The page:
Archive for February, 2015
Duplicate Targets Now Blocked from Deletion
Users, including moderators, are now prohibited from deleting a question which is currently the target of one or more duplicate closures. This will help prevent unusual dead ends where a user comes across a duplicate question, only to be confronted with a non-existent page being pointed to. This prevention is absolute and can only be resolved by removing the duplicates that are pointing to the question – whether this would entail reopening the questions or deleting them will be based on the particular situation.
Upon attempting to delete a question that is shielded in this fashion, the user will be presented with a pop up informing them of the inability to delete the post and the means to which it can be alleviated. The pop up also includes the option to view all posts that currently contain a link that points to the post they attempted to delete. This does include posts which are not actually pointing to the question as a duplicate – the ones that do, however, are easily identified by their status as being closed with [duplicate] in their titles.
Very Low Quality and Not An Answer Flags Temporarily Suppressed In Moderator Queue
Very Low Quality and Not An Answer flags do not enter the moderator queue for 15 minutes after they’re raised. This applies network-wide, except on Stack Overflow, Mathematics, TeX, Salesforce and Stack Overflow em Português (where the delay is a full hour) and meta sites (where they enter the queue immediately).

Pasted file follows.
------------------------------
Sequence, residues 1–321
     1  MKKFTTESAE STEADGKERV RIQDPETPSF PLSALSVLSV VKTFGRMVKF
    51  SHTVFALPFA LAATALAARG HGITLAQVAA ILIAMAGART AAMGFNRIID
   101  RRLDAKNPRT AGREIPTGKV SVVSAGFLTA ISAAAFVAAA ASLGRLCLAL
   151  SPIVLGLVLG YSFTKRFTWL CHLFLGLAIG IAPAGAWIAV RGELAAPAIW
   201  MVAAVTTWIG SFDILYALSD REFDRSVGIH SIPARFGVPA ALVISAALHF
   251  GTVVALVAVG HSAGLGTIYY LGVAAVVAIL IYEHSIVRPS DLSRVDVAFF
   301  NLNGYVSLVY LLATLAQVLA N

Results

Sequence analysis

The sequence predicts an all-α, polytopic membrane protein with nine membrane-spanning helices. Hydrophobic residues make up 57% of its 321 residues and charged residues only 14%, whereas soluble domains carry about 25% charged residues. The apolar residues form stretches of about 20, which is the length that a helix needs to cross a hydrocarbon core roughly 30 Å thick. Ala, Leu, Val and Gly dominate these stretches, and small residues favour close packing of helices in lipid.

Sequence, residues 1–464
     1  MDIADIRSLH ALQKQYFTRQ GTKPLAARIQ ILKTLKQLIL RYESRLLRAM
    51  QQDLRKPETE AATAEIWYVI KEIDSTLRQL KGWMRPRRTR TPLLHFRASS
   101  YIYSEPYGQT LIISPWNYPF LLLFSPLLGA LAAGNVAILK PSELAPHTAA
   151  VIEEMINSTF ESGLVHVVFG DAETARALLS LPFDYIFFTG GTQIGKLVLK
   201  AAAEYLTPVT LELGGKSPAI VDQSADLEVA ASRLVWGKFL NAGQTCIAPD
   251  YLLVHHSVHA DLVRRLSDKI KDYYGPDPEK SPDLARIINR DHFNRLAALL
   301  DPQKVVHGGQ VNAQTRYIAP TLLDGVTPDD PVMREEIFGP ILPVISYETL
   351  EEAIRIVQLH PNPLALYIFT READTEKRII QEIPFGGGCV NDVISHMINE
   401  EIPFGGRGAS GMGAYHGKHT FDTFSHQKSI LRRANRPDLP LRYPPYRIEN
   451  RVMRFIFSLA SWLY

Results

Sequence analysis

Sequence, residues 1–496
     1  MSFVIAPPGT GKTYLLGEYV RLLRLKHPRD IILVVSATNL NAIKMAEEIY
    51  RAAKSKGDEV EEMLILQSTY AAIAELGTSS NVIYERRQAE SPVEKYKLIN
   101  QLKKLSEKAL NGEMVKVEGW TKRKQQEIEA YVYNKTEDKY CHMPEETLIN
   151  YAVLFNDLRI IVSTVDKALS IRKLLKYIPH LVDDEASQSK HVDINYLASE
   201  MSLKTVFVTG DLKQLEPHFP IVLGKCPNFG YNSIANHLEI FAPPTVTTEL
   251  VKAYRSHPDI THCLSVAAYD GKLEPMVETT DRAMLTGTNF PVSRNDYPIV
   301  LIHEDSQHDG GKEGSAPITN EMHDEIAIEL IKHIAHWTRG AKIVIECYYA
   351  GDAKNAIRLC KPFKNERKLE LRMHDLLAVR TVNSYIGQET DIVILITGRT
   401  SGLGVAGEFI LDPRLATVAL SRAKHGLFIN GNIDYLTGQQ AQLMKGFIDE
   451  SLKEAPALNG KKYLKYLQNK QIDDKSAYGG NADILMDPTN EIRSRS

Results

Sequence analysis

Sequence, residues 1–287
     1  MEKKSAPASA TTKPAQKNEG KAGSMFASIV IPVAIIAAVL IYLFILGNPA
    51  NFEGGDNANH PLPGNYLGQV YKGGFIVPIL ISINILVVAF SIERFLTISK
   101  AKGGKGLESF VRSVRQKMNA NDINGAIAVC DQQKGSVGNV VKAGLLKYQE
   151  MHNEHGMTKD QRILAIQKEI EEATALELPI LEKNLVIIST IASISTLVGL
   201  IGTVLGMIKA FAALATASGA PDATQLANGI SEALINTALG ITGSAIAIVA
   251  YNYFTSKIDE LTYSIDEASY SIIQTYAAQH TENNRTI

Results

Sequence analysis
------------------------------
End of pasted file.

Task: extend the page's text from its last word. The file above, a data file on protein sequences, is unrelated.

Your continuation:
This delay gives the community a chance to handle these flags first. If that doesn’t happen, or if it can’t happen, then it is made available to moderators for resolution. Keep in mind, not all posts can be processed via review, and when a post is processed through review but continues to garner flags the system reserves these for moderators. Therefore, when you do see these flags in the mod queue, you should handle them – it’s unlikely anyone else will.
How to Find a Chat User from their Site User Profile
You can now reach a user’s chat profile by heading to
[networkid] corresponds to the user’s Stack Exchange Network ID. You can determine that value from a user when visiting their profile page on any site by clicking “network profile” in the top right (or if your browser supports it, hovering over the link to view the URL), and copying the number from the resulting address. If the user does not actually have a chat profile linked to their account, you will instead be directed to a 404 page when you input that network ID.
This route is available for anyone to use, it is not moderator-only. It is, however, most likely to be of use to moderators when trying to determine a user’s chat identity for the purposes of superpings. We’re considering how to integrate this directly into the profiles, rather than requiring a manually input URL.